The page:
32 Medicare ACOs selected for pioneer program

About 80 physician and hospital networks applied to be the first participants in the shared-risk payment model, which could save Medicare $1.1 billion.

By Charles Fiegl — Posted Dec. 29, 2011

Print  |   Email  |   Respond  |   Reprints  |   Like Facebook  |   Share Twitter  |   Tweet Linkedin

Federal health officials selected 32 health care systems, including several led by physician groups, to take part in the new Medicare pioneer accountable care organization initiative.

The Dept. of Health and Human Services estimates that $1.1 billion in savings could be realized from the ACO model, which encourages physicians and hospitals to coordinate care and offers shared savings for keeping patients healthy. Pioneer ACOs also face penalties when health care costs exceed projections. The pioneer ACO model was designed for health care groups with experience in providing patient-centered care.

The pioneer program, which begins on Jan. 1, 2012, is separate from the systemwide ACO shared savings program that was finalized in October. "We know that health care providers are at different stages in their work to improve care and reduce costs," said Marilyn Tavenner, acting Centers for Medicare & Medicaid Services administrator. "That's why we've developed a menu of options for Medicare to meet doctors, hospitals and other health care providers where they are, and begin the conversation of how to enhance the care they are offering to people with Medicare."

More than 100 entities had showed interest in the program, said Richard Gilfillan, MD, director of the CMS Center for Medicare and Medicaid Innovation. About 80 groups submitted formal applications, and only 32 were selected after a rigorous review process.

The American Medical Association was pleased to see more than 30 systems, including several physician-led groups, selected for the initiative, said AMA President Peter W. Carmel, MD. "The pioneer program provides an important opportunity for physicians who are ready to participate in an ACO now, while other groups can begin the process of forming a Medicare ACO in CMS' program throughout 2012."

The innovation center selected Physician Health Partners, which includes more than 260 primary care physicians based in Denver, as one of the pioneers. The organization cares for 450,000 patients in a seven-county area.

"We are excited to showcase our unique model that has been shown to improve health outcomes," said Kenneth Nielsen, president and CEO of Physician Health Partners. "This is an opportunity for us to demonstrate the importance of primary care physicians and the role they will play in future reform efforts."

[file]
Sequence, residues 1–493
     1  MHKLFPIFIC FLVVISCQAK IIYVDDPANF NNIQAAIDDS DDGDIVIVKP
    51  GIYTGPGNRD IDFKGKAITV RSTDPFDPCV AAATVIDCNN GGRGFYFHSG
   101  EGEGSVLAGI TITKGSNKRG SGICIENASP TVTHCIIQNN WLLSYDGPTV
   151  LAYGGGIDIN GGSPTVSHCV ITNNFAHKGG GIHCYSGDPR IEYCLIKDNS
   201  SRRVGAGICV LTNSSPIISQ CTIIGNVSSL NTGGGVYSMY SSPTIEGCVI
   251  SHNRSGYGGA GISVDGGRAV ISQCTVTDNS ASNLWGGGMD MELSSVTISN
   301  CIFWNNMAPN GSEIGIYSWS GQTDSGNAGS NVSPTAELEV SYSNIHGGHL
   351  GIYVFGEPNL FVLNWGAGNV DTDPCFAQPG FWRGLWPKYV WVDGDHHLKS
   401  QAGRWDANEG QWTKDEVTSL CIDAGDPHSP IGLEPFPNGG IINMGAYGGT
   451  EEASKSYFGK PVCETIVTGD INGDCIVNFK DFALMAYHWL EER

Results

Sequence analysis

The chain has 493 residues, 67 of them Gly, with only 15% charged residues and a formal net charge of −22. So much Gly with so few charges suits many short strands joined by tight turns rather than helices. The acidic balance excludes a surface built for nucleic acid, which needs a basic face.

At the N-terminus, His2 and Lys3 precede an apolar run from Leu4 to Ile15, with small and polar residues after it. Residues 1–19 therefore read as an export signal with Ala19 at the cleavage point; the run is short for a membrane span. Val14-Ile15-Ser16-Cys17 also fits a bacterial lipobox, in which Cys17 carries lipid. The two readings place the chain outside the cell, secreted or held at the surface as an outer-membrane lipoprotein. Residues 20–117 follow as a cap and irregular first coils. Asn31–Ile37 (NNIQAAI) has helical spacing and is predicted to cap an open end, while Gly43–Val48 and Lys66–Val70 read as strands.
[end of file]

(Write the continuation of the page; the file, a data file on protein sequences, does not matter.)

Monarch HealthCare in Irvine, Calif., also was selected. The independent practice association consists of 2,300 independent physicians who care for 176,000 patients.

"This is very good news not only for Monarch HealthCare, but for Medicare beneficiaries in California," said Bart Asner, MD, the group's CEO. "We are confident that our innovative approach to enabling greater coordination among physicians will allow us to further enhance the exceptional care our patients receive from their Monarch physicians today."

Pioneer ACOs will practice in 18 states. The other groups selected are: Allina Hospitals & Clinics, Atrius Health, Banner Health Network, Bellin-Thedacare Healthcare Partners, Beth Israel Deaconess Physician Organization, Bronx Accountable Healthcare Network (BAHN), Brown & Toland Physicians, Dartmouth-Hitchcock ACO, Eastern Maine Healthcare System, Fairview Health Systems, Franciscan Alliance, Genesys PHO, Healthcare Partners Medical Group, Healthcare Partners of Nevada, Heritage California ACO, JSA Medical Group, Michigan Pioneer ACO, Mount Auburn Cambridge Independent Practice Association (MACIPA), North Texas ACO, OSF Healthcare System, Park Nicollet Health Services, Partners Healthcare, Presbyterian Healthcare Services-Central New Mexico Pioneer ACO, Primecare Medical Network, Renaissance Medical Management Company, Seton Health Alliance, Sharp Healthcare System, Steward Health Care System, TriHealth Inc. and University of Michigan.

Back to top



Read story

Confronting bias against obese patients

Medical educators are starting to raise awareness about how weight-related stigma can impair patient-physician communication and the treatment of obesity. Read story

Read story


American Medical News is ceasing publication after 55 years of serving physicians by keeping them informed of their rapidly changing profession. Read story

Read story

Policing medical practice employees after work

Doctors can try to regulate staff actions outside the office, but they must watch what they try to stamp out and how they do it. Read story

Read story

Diabetes prevention: Set on a course for lifestyle change

The YMCA's evidence-based program is helping prediabetic patients eat right, get active and lose weight. Read story

Read story

Medicaid's muddled preventive care picture

The health system reform law promises no-cost coverage of a lengthy list of screenings and other prevention services, but some beneficiaries still might miss out. Read story

Read story

How to get tax breaks for your medical practice

Federal, state and local governments offer doctors incentives because practices are recognized as economic engines. But physicians must know how and where to find them. Read story

Read story

Advance pay ACOs: A down payment on Medicare's future

Accountable care organizations that pay doctors up-front bring practice improvements, but it's unclear yet if program actuaries will see a return on investment. Read story

Read story

Physician liability: Your team, your legal risk

When health care team members drop the ball, it's often doctors who end up in court. How can physicians improve such care and avoid risks? Read story

  • Stay informed
  • Twitter
  • Facebook
  • RSS
  • LinkedIn